SDF-1 ELISA assay.
Mouse RPTECs were plated in 24-well culture plates (5 × 104 cells/well) and treated with 100 ng/ml of hemoglobin (Sigma-Aldrich) or 100 ng/ml myoglobin (Sigma-Aldrich) for 24 h at 37°C. After incubation, supernatants were collected and RPTEC pellets were recovered to assess SDF-1 protein and mRNA levels. SDF-1 protein was assessed by an immunoenzymatic assay (R&D Systems) following the manufacturer's instructions.
Xenograft in SCID mouse model of ARF.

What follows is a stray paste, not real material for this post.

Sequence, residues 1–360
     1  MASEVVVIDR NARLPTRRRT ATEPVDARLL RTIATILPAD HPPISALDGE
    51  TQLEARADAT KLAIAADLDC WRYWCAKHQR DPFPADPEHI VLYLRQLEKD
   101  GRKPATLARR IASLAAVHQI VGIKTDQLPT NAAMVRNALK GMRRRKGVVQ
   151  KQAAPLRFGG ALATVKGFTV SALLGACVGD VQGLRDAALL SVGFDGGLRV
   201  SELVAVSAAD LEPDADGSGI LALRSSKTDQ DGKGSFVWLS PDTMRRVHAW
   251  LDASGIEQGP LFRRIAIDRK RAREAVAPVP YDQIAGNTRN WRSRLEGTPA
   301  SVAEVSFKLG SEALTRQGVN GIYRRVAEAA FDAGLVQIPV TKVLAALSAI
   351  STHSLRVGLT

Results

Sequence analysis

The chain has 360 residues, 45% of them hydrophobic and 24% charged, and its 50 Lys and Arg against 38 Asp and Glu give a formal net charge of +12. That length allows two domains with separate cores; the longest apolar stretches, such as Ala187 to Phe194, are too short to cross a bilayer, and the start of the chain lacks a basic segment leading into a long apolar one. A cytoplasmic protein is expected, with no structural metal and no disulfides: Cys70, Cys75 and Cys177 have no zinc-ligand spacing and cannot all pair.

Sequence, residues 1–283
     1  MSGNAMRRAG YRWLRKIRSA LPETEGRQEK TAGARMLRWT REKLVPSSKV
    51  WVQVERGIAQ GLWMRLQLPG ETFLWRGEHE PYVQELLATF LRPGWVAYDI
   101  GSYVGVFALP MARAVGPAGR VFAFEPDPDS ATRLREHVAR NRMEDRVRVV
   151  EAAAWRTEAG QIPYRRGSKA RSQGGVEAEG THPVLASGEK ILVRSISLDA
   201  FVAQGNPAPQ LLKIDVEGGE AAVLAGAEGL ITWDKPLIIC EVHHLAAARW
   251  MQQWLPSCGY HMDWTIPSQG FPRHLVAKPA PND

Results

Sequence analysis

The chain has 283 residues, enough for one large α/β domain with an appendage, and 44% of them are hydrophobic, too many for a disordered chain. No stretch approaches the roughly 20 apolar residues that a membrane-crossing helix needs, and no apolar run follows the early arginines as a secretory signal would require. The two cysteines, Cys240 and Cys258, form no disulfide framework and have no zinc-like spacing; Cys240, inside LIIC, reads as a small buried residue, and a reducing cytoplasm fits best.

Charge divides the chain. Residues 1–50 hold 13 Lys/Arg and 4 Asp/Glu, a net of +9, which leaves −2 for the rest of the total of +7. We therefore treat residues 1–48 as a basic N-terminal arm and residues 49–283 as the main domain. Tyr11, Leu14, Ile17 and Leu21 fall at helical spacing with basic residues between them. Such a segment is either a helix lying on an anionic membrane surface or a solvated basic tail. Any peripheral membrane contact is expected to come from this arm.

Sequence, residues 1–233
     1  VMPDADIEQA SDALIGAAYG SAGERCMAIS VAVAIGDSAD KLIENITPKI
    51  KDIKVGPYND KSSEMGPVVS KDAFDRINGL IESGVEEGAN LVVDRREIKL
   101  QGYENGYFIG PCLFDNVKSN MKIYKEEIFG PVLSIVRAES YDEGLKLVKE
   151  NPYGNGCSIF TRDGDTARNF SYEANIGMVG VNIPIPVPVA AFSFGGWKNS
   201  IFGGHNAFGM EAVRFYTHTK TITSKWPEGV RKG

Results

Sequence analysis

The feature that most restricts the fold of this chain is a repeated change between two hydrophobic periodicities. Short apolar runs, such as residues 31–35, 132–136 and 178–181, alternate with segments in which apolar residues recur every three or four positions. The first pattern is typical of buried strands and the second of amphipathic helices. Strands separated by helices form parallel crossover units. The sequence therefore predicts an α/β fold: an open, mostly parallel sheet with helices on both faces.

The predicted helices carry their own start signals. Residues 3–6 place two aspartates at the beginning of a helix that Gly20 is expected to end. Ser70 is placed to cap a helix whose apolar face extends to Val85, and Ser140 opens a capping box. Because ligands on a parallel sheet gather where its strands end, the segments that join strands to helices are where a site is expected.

Models of rhabdomyolysis-induced ARF were performed in female SCID mice (Harlan), as previously described (25), by intramuscular injection with hypertonic glycerol (8 ml/kg body wt of a 50% glycerol solution; Sigma-Aldrich) into the inferior hind limbs at day 0. Animal experiments were authorized by Ministero della Salute of Italy (Dipartimento della Sanità Pubblica e Veterinaria) and performed in adherence to the National Institutes of Health Guide for the Care and Use of Laboratory Animals. 9 groups of mice on day 0 received an i.v. injection into the tail vein as follows: group 1, n = 50 mice, saline; group 2, n = 40 mice, PKH26-stained RMPs (0.75 × 106 cells 4 h after glycerol injection and 0.75 × 106 cells 20 h after glycerol injection); group 3, n = 30 mice, PKH26-stained RMPs pretreated with mouse IgG2a isotype control antibody (R&D Systems; 0.75 × 106 cells 4 h after glycerol injection and 0.75 × 106 cells 20 h after glycerol injection); group 4, n = 30 mice, PKH26-stained RMPs pretreated with an anti-CXCR4 neutralizing antibody (R&D Systems; 0.75 × 106 cells 4 h after glycerol injection and 0.75 × 106 cells 20 h after glycerol injection); group 5, n = 30 mice, PKH26-stained RMPs pretreated with rabbit IgG isotype control antibody (R&D Systems; 0.75 × 106 cells 4 h after glycerol injection and 0.75 × 106 cells 20 h after glycerol injection); group 6, n = 30 mice, PKH26-stained RMPs pretreated with an anti-CXCR7 neutralizing antibody (Abcam; 0.75 × 106 cells 4 h after glycerol injection and 0.75 × 106 cells 20 h after glycerol injection); group 7, n = 20 mice, PKH26-stained RMPs pretreated with rabbit IgG anti–HLA-I antibody (Santa Cruz Biotechnology; 0.75 × 106 cells 4 h after glycerol injection and 0.75 × 106 cells 20 h after glycerol injection); group 8, n = 16 mice, PKH26-stained RMP pretreated with mouse IgG2a anti–HLA-I antibody (Sigma-Aldrich; 0.75 × 106 cells 4 h after glycerol injection and 0.75 × 106 cells 20 h after glycerol injection); and group 9, n = 20 mice, PKH26-stained RMPs pretreated with 50 μM AMD3100 (Sigma-Aldrich; 0.75 × 106 cells 4 h after glycerol injection and 0.75 × 106 cells 20 h after glycerol injection). RMPs were labeled with the PKH26 Red Fluorescence Cell Linker kit (Sigma-Aldrich) immediately before injection. Pretreatment with neutralizing antibodies was performed by incubating cells with antibodies (10 μg/106 cells) for 30 min on ice. For each group, 30 min after each i.v. injection, mice were treated i.p. with 10 μg/mouse of the respective neutralizing antibody. At least 10 mice were killed for each group of treatment at 4, 6, 9, or 14 d, and BUN levels were measured in heparinized blood by the Aeroset c8000 test (Abbott). Normal range in our experiments was between 30 and 37 mg/dl, as calculated in 10 additional untreated mice (day 0). BUN levels that exceeded 40 mg/dl were considered abnormal.